Reign of Snakes by Robert Wrigley
(Poets, Penguin)

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Synopsis

Described by the late James Dickey as "one of the finest new poets to come along in years," Robert Wrigley fulfills that early promise with this, his newest collection. Reign of Snakes is a book about desire, the soul's desire as much as the body's. As Jane Hirshfield said of Wrigley's previous book, In the Bank of Beautiful Sins (Penguin, 1995), "To read it is to unpeel a little further into the human, and into the wideness that holds the human--a splendid gift." Reign of Snakes takes us to yet another level, deep into the daily devotions, "where the dark blows a kiss to night.". . . a frigid day in February and a full-grownrattlesnake curled to a comma in the middle of the middle of the just-plowed road. Ice ghost, I think, curve of rock or stubbed-off branch. But the diamonds are there, under a dust of crystals looming, impossible, summer's tattoo, the mythical argyle of evil. --from "Reign of Snakes"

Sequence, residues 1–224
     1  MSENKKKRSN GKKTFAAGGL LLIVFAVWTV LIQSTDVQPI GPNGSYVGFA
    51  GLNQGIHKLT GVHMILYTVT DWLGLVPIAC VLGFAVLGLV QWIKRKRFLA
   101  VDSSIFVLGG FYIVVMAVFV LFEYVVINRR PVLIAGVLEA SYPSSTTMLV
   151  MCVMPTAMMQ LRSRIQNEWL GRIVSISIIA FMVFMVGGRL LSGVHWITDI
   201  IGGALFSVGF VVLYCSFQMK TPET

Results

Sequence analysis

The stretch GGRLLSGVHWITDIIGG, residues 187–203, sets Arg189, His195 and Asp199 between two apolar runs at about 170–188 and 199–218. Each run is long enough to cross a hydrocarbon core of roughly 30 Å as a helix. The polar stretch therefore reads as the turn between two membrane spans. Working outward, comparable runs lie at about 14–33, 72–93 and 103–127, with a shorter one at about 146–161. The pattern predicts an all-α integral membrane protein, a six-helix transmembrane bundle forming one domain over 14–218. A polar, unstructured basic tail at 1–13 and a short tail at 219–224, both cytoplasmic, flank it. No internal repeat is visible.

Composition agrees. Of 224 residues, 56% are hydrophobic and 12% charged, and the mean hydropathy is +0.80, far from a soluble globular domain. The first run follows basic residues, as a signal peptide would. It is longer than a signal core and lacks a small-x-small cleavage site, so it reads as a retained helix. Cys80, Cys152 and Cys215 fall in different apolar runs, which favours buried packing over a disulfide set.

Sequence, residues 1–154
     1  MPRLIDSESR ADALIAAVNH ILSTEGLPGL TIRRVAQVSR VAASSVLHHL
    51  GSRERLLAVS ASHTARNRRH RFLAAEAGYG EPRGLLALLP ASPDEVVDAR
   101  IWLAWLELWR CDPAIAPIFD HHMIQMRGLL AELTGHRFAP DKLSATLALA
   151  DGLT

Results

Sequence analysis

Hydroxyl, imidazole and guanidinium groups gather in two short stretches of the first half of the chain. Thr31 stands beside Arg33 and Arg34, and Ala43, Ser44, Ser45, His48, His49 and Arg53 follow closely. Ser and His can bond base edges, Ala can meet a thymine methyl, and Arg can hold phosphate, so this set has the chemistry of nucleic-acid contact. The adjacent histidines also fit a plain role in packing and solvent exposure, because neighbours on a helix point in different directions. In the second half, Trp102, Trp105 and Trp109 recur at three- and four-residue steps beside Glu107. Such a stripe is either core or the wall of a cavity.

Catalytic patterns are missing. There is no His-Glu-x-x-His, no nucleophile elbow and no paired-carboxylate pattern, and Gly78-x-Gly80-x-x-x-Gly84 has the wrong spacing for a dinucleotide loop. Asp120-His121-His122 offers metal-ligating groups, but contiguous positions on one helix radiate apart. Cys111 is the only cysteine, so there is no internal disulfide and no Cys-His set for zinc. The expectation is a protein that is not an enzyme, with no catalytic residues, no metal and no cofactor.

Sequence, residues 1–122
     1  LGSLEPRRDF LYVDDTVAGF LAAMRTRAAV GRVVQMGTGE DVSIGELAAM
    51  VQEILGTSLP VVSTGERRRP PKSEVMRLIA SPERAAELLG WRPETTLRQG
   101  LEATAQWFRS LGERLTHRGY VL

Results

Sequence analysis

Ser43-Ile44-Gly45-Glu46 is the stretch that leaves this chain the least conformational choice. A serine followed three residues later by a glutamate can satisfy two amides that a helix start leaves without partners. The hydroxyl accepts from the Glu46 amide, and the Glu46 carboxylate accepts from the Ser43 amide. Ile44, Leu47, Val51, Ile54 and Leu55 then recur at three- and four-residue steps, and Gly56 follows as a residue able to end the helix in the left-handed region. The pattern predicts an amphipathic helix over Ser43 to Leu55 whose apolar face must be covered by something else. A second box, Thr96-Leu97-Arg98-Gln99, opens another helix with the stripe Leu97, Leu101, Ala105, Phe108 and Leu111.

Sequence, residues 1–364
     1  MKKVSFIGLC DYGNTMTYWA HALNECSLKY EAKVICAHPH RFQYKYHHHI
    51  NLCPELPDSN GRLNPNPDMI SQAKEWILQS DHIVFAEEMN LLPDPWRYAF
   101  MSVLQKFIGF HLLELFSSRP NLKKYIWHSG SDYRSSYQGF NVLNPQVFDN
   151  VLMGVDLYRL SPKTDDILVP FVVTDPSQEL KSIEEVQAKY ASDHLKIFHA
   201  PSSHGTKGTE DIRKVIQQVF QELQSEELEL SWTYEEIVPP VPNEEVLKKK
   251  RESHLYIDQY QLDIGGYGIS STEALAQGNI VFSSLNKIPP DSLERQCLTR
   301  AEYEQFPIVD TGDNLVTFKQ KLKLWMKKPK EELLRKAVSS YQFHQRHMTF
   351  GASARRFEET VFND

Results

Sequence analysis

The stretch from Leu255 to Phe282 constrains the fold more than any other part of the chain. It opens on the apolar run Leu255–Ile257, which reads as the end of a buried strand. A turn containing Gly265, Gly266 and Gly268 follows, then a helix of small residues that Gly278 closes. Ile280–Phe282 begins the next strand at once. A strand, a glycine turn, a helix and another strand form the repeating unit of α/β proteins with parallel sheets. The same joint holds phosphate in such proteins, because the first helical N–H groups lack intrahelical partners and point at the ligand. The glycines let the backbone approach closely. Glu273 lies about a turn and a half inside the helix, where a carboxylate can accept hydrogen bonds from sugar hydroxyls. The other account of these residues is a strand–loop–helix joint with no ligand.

About Robert Wrigley

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Robert Wrigley is a recipient of numerous grants and fellowships. His sixth and most recent book, Lives of the Animals, won the 2004 Poets' Prize.
 
Published June 1, 1999 by Penguin Books. 114 pages
Genres: Literature & Fiction. Non-fiction

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Memories and loves, and a knowledge of the Midwest's plants, insects and animals, combine in Wrigley's fifth collection to create an eccentric ""bland, humdrum, quotidian guilt."" Nature poems like those preceding each of the volume's four parts cram the landscape with highly wrought sonic and sy...

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